04 Nov Symposium on the ECCC: “It’s Time for the Record To be Set Straight”? History, Memory, and the Extraordinary Chambers in the Courts of Cambodia
The Extraordinary Chambers in the Courts of Cambodia (ECCC) was created by the Cambodian government in partnership with the United Nations. Its purpose was to prosecute crimes under international and Cambodian law committed between 1975 and 1979, when Cambodia was ruled by the Communist Party of Kampuchea (CPK), better known as the ‘Khmer Rouge’. On 22 September 2022, the ECCC’s appeal chamber delivered its final judgment, upholding former CPK leader Khieu Samphan’s conviction for war crimes, crimes against humanity and genocide.
Responding to that final judgment, this Opinio Juris symposium reflects on the ECCC’s trials, tribulations, and legacy. Bringing the symposium to a close, in this post Pete Manning reflects on the ECCC’s contribution to memory and history about the Khmer Rouge period.
[Pete Manning is a Senior Lecturer in Sociology in the Department of Social and Policy Sciences, whose authored works include ‘Transitional Justice and Memory in Cambodia’ (Routledge, 2017).]
The final judgement of the ECCC offers an important opportunity to reflect on the social and cultural politics of memory and history that have been implicated and generated within the work of the tribunal. I do so to take stock of the relationship between the ECCC, its partners, and the public audiences and constituencies that it has addressed its work to, and to consider some of the wider lessons of the ECCC for practitioners and scholars in transitional justice and international criminal law (ICL).
Memory and history are fruitful avenues to rethink the work of the ECCC because each allows us to reposition and assess some of the key successes and failures of the court. Transitional justice interventions, including legal mechanisms, work to order and adjudicate on memory and history, and history and memory are located as sites of restoration and renewal from their work. Memory is explicitly called into being within the criminal trial as a site of verification, as competing testimonies are affirmed and denied, and material objects and artefacts that ‘speak’ to memory are tested and gauged as evidence. The didactic role of tribunals is significant and memory is implicated as law furnishes limits of jurisdiction (over time and people). Memory and history are therefore both regulated by and produced through law as it enacts a universe of responsibility and blame that can be more broadly narrativized for public audiences, including through the harms and forms of victimhood that might be formally recognised – and those that are elided.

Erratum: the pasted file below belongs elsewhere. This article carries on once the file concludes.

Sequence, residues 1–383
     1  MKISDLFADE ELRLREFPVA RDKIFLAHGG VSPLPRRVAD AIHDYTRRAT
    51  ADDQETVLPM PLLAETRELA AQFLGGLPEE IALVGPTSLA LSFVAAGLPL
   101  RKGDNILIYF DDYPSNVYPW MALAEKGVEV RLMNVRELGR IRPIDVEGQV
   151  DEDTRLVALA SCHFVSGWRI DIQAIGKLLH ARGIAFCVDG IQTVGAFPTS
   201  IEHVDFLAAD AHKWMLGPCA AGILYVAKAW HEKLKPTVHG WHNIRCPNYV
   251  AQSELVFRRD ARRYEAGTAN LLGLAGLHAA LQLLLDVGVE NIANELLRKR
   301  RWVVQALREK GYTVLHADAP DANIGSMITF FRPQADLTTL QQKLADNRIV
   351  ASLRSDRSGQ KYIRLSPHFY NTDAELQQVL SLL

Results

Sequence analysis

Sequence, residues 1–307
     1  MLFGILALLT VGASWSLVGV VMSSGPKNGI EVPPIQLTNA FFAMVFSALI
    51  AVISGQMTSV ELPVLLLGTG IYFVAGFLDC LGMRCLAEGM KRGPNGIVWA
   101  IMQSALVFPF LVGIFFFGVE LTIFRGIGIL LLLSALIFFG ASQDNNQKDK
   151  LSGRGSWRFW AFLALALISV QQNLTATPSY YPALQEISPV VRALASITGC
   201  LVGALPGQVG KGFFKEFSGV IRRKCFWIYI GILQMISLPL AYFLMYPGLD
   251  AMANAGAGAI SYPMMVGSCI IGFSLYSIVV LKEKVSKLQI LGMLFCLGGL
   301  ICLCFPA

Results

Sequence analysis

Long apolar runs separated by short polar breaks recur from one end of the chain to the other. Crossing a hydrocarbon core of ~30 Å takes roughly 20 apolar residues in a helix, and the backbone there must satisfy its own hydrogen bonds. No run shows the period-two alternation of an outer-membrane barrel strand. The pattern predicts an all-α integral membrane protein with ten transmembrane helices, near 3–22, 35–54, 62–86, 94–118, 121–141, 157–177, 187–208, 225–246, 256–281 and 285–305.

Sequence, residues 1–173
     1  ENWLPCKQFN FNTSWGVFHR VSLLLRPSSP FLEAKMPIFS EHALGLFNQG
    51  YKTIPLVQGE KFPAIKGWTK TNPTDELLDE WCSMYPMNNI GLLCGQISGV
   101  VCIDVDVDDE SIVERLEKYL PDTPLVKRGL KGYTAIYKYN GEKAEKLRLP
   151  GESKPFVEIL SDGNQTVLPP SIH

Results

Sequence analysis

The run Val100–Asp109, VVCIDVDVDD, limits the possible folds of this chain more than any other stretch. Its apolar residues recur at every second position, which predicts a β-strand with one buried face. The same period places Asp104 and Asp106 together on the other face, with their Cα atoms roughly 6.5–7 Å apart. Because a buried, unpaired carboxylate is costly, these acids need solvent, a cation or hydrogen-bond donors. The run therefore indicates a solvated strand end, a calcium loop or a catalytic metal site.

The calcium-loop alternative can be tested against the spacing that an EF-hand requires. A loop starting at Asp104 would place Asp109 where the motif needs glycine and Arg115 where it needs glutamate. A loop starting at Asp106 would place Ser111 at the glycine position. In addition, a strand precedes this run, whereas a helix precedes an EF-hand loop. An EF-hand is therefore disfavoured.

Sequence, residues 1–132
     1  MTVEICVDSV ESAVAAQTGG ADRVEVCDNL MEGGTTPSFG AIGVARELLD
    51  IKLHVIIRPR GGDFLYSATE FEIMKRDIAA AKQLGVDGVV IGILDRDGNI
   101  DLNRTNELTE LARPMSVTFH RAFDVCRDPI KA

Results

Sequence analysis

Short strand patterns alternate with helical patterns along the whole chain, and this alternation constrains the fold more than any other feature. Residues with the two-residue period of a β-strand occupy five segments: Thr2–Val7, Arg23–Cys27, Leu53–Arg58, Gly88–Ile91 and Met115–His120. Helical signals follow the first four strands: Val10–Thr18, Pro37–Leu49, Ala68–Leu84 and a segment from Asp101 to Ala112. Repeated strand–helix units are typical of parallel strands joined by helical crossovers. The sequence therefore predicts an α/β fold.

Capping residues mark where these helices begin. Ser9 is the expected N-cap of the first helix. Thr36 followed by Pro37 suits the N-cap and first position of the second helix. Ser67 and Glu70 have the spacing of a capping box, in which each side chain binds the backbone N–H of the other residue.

More broadly, transitional justice and ICL processes tend to be addressed to benefit social and cultural collectives: as an ECCC publicity poster claims “It’s time for the record to be set straight”, implicating the correction of a national history and biography. And, significantly in the case of the ECCC, beyond the courtroom, law can generate and work with a wider raft of (principally civil society led) interventions on and in the name of memory, such as psychosocial, educational, and arts led programmes.
The ECCC generated significant criticism over the course of its 16 years of work, which have often entailed important questions about memory and history. One area of frequent controversy concerned the independence of the court and the interpretation of its personal jurisdiction, which was delimited to “senior leaders” and “most responsible persons” in the initial 2004 agreement over the establishment of the ECCC. A series of highly public Royal Government of Cambodia (RGC) refusals to countenance a wider raft of prosecutions beyond the handful of senior KR leaders indicted in Cases 001 and 002 has been broadly understood to constitute political interference within the ECCC process. Indeed, international observers have cast the issue of political interference on Cases 003 and 004 as the principal failure of the process.